Ex-British Cycling technical director and Team Sky head coach Shane Sutton furiously denied claims he is a "doper" before storming out of Dr Richard Freeman's medical tribunal.
Dr Freeman alleges the testosterone he ordered to British Cycling headquarters in 2011 was on behalf of Sutton.
In staggering, confrontational exchanges between Sutton and Dr Freeman's lawyer, Mary O'Rourke QC, Sutton repeatedly denied this and her claim he doped during his racing career.
A livid Sutton then left the tribunal in Manchester after calling Dr Freeman "spineless".
An official could not persuade Sutton to return and he is set to decide on Wednesday whether he will resume giving evidence, as planned, on Thursday.
The tribunal is set to resume at 11:30 GMT on Thursday, with Wednesday a planned day off.
Former British Cycling and Team Sky medic Dr Freeman is facing an allegation he ordered 30 Testogel sachets to the National Cycling Centre in May 2011 knowing or believing it was intended for an athlete to enhance performance, which he denies.
Sutton's highly anticipated first appearance at the tribunal started at 14:00 after a day-and-a-half delay because of private legal argument.
Dr Freeman has admitted to 18 of the 22 allegations against him, including that he asked supplier Fit4Sport to falsely claim the Testogel had been sent in error.
In a public session before Sutton gave evidence, Miss O'Rourke said the defence's case is that Sutton is a "habitual and serial liar" as well and "a doper, with a doping history".
During a remarkable afternoon session on Tuesday:
After around two hours of increasingly hostile exchanges during Miss O'Rourke's cross-examination on Tuesday, Sutton announced he was leaving the hearing and departed with an extraordinary outburst.
Despite calling Dr Freeman a "good friend", Sutton made a series of claims about his former colleague and called him "spineless" for sitting behind a screen as Sutton gave evidence.
"I'm going to leave the hearing now, I don't need to be dragged through this," said Sutton.
"I'm going to go back to my little hole in Spain, enjoy my retirement, sleep at night knowing full well I didn't order any [testosterone] patches.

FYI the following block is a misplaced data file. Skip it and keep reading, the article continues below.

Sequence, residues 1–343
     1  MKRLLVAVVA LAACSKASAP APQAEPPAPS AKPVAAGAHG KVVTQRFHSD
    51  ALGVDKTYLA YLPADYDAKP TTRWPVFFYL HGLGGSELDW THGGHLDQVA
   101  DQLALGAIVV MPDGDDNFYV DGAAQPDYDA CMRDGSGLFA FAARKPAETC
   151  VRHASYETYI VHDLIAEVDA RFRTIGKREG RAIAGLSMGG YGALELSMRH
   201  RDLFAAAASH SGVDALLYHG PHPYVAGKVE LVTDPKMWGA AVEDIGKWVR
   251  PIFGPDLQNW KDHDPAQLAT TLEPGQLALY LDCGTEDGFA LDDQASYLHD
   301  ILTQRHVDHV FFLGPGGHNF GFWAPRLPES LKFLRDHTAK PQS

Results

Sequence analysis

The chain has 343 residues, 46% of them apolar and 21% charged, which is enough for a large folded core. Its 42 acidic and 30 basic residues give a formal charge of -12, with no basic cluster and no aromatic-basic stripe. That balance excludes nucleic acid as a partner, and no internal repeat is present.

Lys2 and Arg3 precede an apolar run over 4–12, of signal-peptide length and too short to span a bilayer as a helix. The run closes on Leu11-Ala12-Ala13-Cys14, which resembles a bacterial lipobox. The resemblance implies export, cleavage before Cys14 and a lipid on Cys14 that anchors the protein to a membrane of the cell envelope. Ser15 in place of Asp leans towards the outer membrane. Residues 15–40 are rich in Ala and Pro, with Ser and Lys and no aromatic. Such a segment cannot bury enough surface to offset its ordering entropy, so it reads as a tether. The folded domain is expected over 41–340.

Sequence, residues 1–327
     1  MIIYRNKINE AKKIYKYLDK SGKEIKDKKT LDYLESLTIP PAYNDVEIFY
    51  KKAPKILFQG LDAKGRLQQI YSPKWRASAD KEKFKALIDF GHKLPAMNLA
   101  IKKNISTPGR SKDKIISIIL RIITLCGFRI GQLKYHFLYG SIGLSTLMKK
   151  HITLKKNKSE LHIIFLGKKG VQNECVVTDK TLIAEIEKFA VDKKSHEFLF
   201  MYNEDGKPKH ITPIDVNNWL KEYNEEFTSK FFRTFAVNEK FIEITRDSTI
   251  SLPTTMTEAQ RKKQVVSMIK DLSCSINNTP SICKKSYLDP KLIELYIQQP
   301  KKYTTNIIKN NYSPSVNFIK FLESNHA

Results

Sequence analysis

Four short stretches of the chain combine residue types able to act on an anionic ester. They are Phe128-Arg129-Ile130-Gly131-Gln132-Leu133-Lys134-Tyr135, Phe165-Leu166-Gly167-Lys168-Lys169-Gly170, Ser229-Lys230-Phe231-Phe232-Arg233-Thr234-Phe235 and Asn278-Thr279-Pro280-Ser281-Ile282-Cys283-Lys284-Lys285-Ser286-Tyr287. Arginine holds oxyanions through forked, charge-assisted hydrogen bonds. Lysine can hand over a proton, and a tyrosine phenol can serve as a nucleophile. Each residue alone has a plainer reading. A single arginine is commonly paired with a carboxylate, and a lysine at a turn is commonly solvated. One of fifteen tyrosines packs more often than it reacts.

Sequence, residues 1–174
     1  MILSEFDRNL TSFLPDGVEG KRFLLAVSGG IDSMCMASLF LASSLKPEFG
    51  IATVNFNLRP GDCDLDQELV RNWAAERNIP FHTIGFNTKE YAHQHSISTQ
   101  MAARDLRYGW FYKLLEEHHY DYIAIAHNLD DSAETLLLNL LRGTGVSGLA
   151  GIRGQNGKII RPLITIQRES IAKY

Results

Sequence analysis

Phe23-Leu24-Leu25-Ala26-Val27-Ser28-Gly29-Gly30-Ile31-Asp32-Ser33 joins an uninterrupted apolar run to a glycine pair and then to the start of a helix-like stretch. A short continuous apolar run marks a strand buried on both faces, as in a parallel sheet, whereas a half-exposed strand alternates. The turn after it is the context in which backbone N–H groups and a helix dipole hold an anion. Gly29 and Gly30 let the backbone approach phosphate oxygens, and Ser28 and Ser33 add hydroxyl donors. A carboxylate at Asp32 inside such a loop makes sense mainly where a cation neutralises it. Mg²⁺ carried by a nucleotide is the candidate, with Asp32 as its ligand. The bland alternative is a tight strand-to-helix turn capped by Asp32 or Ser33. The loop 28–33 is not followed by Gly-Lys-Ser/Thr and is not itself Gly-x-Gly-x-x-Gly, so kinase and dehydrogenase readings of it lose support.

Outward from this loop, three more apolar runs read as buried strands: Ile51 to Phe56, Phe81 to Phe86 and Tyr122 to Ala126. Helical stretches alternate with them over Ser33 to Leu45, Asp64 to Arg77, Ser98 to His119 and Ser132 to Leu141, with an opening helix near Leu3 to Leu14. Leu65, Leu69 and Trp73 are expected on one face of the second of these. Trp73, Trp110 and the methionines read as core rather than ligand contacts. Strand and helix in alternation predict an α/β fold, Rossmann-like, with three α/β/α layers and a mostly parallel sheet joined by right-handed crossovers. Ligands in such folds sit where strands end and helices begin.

"The person lying to you is behind the screen, hopefully one day he will come clean and tell you why. He's a good bloke, a good friend, I've no argument with him.
"I'm happy with what I achieved in my career, I wish Richard Freeman all the best going forward, no one is better bedside than him.
"Dr Freeman went through a messy divorce, he turned up to work drunk on several occasions - he was like the Scarlet Pimpernel.
"I covered for him when we couldn't get hold of him.
"I'm not lying, I've told the truth, don't ask me any more questions.
"I'm not getting dragged by this mindless little individual [O'Rourke] living in her sad world, who is defending someone who has admitted to telling a million lies to you and the rest of the world but can't come out and tell the truth.
"He is hiding behind a screen, which is spineless, Richard, you're a spineless individual."
BBC sports editor Dan Roan reacted to the case on Twitter
Miss O'Rourke said on 7 November she would attempt to question the "integrity and credibility" of Sutton and earlier on Tuesday said she had 100 questions planned for him.
Only three questions in, Sutton became impatient, stating his former career as a rider was "irrelevant", as were other questions about his level of knowledge of doping practices in cycling history.
Sutton directed his ire at Miss O'Rourke, asking for "an apology" for her claims and at one point asking, "Am I the one on trial here? I feel like I'm the criminal."
When Miss O'Rourke put it to Sutton that his claim he did not know what Testogel was until asked about it by UK Anti-Doping in 2016 was either him "having a laugh" or a "blatant lie", Sutton replied: "There is only one joke in this room and that's you."
He also turned to the press gallery at one stage and said: "I hope you are getting all this."
Sutton added there was "nothing sinister" in him telling the General Medical Council's legal team that he and former British Cycling chief Sir Dave Brailsford were worried about being involved in this case and it was only because "the buck stops with you" as the head of an organisation.
Before Sutton's appearance, the independent medical practitioners tribunal ruled that the general topic of erectile dysfunction could be the subject of questions to him in public.
Yet Sutton brought up the subject before Miss O'Rourke could ask, shortly before he stormed out, adding: "I would have no problem telling the GMC it was for me, but I never ordered it."
If Sutton chooses not to return to the hearing on Thursday, Miss O'Rourke is hoping to call former British Cycling head of medicine Dr Steve Peters for cross-examination.
Sutton said Dr Peters had "phoned me the other night" and will "verify everything I've had to say".
The testosterone delivery was brought to Dr Peters after former physio Phil Burt, who is due to give evidence on Friday, discovered it.
Dr Peters has claimed Dr Freeman contacted supplier Fit4Sport the same day the order arrived to confirm it was sent in error and Dr Peters said he then asked Freeman to return it.
Dr Peters said he was satisfied after being shown an email from the supplier "confirming" that the Testogel had been returned and destroyed, which Dr Freeman now admits was false.
The hearing, which is to determine Dr Freeman's fitness to practise medicine, continues.